At $90-110, this wine is priced in line with an upper-tier Premier Cru white Burgundy. It’s hard not to compare it to a well-made Meursault Premier Cru like Les Charmes and Les Perrières though I think what ultimately separates this Nuits-St.-Georges White Pinot from those crème de la crème Chardonnays is precision and longevity.

While there are lots of layers in this wine, they don’t have the crystal clarity and precision of flavors that truly highlight great white Burgs. You could say that develops with bottle age but this relatively young wine already tastes far older than what you would expect with its age. While it is giving considerable pleasure now, I can’t see it getting anywhere near the levels of a great Meursault wine from the same vintage 3 years down the road, much less 5 or 15.

Still, this is fascinating and exceedingly character driven wine that is worth seeking out just to experience. From a commune that is 97% red wine (with the entire Côte de Nuits being 95% red), it is truly a unicorn with only around 2000-2500 bottles produced each year.

Subscribe to Spitbucket

New posts sent to your email!

Keeping up with the Joneses in Burgundy — Gros Edition

Photo by Jebulon. Released on Wikimedia Commons under CC-BY-SA-3.0

Clos Vougeot. The Gros family first acquired parcels in this Grand Cru in 1920.

Welcome to the third installment of my Keeping up with the Joneses in Burgundy series where I try to untangle the relationships between the many different Burgundy estates that share the same surname.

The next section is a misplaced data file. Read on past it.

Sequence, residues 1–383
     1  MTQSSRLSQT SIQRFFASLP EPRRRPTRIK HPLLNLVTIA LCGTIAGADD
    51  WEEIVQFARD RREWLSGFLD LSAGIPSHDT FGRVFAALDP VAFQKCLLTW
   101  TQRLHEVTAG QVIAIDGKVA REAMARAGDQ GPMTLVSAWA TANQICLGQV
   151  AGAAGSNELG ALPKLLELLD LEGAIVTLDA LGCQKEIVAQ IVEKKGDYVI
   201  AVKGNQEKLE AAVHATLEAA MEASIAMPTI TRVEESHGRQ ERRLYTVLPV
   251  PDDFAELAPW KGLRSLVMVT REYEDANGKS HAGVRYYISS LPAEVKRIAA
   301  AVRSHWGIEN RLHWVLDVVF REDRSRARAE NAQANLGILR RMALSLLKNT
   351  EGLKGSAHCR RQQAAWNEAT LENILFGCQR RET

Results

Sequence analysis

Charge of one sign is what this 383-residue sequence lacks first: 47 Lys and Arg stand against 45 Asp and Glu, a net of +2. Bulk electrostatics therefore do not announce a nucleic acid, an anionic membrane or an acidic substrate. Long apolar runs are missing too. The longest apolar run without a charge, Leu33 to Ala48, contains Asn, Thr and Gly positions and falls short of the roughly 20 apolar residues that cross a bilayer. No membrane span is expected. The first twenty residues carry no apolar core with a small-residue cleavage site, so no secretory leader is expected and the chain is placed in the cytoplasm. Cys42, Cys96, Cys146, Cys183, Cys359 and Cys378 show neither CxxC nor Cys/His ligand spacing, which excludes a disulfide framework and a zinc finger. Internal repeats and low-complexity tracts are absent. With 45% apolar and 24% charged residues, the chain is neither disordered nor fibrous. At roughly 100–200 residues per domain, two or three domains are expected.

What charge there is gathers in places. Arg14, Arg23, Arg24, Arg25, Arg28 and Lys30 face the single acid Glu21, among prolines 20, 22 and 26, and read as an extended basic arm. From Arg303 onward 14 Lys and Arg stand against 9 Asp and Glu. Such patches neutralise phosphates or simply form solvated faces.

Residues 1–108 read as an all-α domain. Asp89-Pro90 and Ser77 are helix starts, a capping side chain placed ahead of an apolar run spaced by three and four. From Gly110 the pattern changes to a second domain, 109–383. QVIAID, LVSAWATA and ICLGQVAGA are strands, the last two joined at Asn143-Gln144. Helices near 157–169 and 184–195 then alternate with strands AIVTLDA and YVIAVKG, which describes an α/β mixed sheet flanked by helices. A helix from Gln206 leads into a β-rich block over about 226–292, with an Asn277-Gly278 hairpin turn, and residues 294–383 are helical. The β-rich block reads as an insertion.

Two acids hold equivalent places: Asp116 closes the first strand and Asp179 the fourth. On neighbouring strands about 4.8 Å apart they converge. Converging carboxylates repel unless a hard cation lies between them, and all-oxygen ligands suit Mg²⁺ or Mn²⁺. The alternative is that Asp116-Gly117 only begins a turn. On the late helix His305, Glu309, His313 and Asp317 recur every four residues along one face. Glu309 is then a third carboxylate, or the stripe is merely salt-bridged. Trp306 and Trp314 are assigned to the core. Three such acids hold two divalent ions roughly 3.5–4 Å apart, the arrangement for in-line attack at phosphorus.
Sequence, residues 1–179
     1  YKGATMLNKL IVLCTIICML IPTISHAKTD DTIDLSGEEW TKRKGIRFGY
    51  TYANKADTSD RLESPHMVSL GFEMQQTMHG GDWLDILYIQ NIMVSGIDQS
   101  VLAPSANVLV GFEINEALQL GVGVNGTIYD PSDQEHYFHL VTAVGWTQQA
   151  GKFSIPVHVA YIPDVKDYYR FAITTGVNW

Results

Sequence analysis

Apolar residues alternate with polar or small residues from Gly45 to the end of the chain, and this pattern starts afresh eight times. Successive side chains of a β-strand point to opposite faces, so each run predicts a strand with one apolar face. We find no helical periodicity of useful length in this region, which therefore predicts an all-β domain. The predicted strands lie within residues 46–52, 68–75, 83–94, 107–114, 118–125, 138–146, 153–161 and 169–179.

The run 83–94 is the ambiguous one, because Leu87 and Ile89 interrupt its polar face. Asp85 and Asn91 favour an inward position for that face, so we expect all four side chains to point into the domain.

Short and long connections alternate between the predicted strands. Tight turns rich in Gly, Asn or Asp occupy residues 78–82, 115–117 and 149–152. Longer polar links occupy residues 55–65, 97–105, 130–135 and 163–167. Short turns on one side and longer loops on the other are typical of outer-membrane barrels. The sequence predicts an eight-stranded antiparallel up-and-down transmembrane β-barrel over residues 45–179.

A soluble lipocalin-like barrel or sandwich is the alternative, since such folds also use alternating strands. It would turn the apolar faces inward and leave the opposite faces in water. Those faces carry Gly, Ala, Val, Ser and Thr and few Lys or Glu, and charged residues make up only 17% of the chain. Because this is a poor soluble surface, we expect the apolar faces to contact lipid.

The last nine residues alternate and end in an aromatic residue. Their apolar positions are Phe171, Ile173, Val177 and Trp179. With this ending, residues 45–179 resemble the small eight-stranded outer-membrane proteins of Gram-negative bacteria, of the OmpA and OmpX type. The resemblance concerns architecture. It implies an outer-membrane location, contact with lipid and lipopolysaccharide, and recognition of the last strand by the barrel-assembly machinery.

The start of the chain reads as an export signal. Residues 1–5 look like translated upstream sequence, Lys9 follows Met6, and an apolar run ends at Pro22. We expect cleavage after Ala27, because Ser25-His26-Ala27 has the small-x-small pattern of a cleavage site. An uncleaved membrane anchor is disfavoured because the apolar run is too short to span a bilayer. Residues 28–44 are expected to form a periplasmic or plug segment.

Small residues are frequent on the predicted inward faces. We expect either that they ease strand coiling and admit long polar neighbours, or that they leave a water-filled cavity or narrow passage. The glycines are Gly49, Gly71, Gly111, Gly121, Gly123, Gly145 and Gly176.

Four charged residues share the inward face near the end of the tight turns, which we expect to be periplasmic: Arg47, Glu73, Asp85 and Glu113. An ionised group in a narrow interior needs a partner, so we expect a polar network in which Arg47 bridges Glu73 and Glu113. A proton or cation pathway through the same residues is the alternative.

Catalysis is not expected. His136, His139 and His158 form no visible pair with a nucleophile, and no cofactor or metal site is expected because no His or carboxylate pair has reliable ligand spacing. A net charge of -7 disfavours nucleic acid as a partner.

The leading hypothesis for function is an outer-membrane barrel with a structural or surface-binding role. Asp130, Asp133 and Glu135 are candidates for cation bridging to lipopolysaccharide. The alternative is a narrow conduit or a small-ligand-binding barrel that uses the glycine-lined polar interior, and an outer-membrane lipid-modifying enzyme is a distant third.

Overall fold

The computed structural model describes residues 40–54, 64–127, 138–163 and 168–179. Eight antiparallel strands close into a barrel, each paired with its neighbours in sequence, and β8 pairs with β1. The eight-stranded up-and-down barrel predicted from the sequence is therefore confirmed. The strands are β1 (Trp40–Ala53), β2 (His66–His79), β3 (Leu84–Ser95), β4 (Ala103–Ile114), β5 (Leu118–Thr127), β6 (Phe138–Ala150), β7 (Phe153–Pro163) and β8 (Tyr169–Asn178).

Click here for previous editions about the Boillot and Morey families.

My tools for this journey will include internet sleuthing as well as:

Remington Norman and Charles Taylor’s The Great Domaines of Burgundy
Clive Coates’ The Wines of Burgundy
Matt Kramer’s Making Sense of Burgundy
Bill Nanson’s The Finest Wines of Burgundy
Benjamin Lewin’s Burgundy (Guides to Wines and Top Vineyards) (new book)

The Gros Family

Alphonse Gros, the patriarch of the Gros winemaking family was born in 1804 in the village of Chaux located just north of Nuits-Saint-George. In 1830, he married Julie Latour of the notable Latour family and settled in the village of Vosne-Romanée. In 1860, Alphonse purchased what would become Clos des Réas–a premier cru vineyard that is currently a monopole of Alphonse’s descendant Michel Gros.

Alphonse and Julie had two children with their son Louis Gustave taking over the family’s estate and changing the name to Domaine Gros-Guenaud to include his wife’s holdings. In 1882, he added 2 hectares (5 acres) of the Grand Cru Richebourg. During his time, Louis Gustave was an early adopter of domaine bottling for at least a portion of his production.

Photo by Tomas er. Released on Wikimedia Commons under  CC-BY-SA-3.0

The Richebourg Grand Cru which several members of the Gros family still own parcels of.


On his death, the estate passed to his son, Jules Gros, who married Jeanne Renaudot and changed the name of the family domaine to Gros-Renaudot. In 1920, when the estate of Léonce Bocquet was available for sale, Domaine Gros-Renaudot purchased two parcels of Clos Vougeot in the enviable “Cuvée du Pape” section of the large Grand Cru. A few years later the estate was able to acquire parts of the Grand Cru Échézeaux, including the highly regarded Les Grands Échézeaux.

When Jules and Jeanne’s son Louis inherited the estate in 1930, he changed the name to Domaine Louis Gros and continued to add to the family’s holdings.

Following the death of Louis Gros in 1951, his four children (François, Jean, Gustave and Colette) jointly ran the domaine until 1963 when the holdings were split up with François and Jean starting their own eponymous domaines while Gustave and Colette combined their inheritance to start Domaine Gros Frère et Soeur.